[At-Large] ICANN Accountability Mechanisms

Karl Auerbach karl at cavebear.com
Sun Jan 2 22:24:32 UTC 2022

I've been watching this thread.  It's another cycle of conversations 
that have occurred previously, and that were ignored.

Let's face it: Internet governance of today is a mud made from several 
elements, among which are:

    - Pollyanna-ish naivete about "netizens" and 1960's Grateful Dead 
theories of how we can all live together in peace and perfect harmony.

    - Clever, hard-nosed, profit oriented opportunists.

    - Reagan/Thatcher notions that regulation by a government is bad, 
but regulation by a private body is good (and completely non-informed by 
consideration of the excesses of private bodies ranging from the British 
East India Company to Standard Oil to Google.)

    - The abandonment of the belief that governance ought to be by the 
people and for the people and replacement of that belief with one that 
elevates selected (often industrial) "stakeholders" into positions of 
inflated influence and control.

I've written several pieces about how we ought to re-read things from 
the late 18th century regarding structuring governance so that it is 
somewhat self-limiting.

But the most important is this:

> First Law of the Internet
> + Every person shall be free to use the Internet in any way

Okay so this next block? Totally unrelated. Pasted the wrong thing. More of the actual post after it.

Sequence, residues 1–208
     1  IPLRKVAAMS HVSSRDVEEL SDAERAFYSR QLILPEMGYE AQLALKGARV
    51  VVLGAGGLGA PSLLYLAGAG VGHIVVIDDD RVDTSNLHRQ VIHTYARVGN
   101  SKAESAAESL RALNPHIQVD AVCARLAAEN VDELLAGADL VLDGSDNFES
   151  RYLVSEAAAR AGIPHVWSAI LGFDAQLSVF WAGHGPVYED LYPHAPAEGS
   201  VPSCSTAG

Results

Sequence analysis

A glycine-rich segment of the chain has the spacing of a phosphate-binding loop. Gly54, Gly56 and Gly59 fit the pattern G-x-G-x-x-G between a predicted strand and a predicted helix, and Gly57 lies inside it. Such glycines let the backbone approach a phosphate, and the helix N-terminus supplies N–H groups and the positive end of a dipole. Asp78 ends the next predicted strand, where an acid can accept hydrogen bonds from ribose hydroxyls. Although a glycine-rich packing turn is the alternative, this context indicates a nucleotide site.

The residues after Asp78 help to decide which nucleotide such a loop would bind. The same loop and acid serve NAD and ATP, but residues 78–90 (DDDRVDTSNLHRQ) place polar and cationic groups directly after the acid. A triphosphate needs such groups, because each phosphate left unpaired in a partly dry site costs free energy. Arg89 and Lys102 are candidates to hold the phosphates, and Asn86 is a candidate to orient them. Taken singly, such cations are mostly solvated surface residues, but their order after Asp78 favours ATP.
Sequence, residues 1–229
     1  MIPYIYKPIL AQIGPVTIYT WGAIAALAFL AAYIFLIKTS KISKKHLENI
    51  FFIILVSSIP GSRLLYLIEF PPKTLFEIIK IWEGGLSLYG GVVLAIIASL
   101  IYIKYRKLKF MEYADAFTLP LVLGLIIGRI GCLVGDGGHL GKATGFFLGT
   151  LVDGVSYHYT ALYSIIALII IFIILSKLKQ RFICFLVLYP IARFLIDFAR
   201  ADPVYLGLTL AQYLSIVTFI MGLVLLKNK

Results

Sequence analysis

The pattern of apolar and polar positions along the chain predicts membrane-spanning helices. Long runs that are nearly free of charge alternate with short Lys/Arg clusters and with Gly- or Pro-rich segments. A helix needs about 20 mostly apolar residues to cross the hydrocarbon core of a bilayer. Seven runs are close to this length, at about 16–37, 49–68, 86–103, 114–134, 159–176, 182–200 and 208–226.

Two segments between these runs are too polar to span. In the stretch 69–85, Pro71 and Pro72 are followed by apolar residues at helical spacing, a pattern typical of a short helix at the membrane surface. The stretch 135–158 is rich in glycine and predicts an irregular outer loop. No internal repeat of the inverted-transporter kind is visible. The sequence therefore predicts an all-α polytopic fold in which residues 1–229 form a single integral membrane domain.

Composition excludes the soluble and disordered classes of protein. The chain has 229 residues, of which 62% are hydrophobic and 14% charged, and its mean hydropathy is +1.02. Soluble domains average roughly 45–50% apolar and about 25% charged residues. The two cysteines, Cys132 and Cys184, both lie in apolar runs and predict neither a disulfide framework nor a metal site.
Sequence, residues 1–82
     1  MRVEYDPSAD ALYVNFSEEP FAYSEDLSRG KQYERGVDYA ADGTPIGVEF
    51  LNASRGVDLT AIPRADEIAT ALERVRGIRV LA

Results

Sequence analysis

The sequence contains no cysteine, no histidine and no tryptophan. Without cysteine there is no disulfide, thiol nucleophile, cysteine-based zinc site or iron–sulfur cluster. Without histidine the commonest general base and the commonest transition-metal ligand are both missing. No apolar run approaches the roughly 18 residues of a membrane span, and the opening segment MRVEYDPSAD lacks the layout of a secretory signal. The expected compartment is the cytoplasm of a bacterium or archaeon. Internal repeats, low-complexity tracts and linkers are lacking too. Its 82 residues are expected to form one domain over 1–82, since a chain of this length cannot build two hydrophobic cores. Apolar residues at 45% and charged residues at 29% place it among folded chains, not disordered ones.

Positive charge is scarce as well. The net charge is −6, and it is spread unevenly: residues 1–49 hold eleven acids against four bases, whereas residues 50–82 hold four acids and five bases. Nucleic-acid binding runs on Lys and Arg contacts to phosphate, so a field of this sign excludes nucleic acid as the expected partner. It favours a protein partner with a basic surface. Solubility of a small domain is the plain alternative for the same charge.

>   that is privately beneficial without being publicly
>   detrimental.
>    - The burden of demonstrating public detriment shall
>      be on those who wish to prevent the private use.
>        - Such a demonstration shall require clear and
>          convincing evidence of public detriment.
>    - The public detriment must be of such degree and extent
>      as to justify the suppression of the private activity.

There are other things from the past, such as this from 2004:

_/Structural Principles For Internet Governance /_- 

And see my list of other short essays (or blog items) under the heading 
"Internet Governance" at https://www.cavebear.com/documents/

BTW, I agree with Evan regarding ICANN's "nominating committee"; it is a 
relic, a techno-paternalist chunk of machinery that seems almost as if 
lifted from a 19th century colonial playbook written by King Leopold or 
Queen Victoria.


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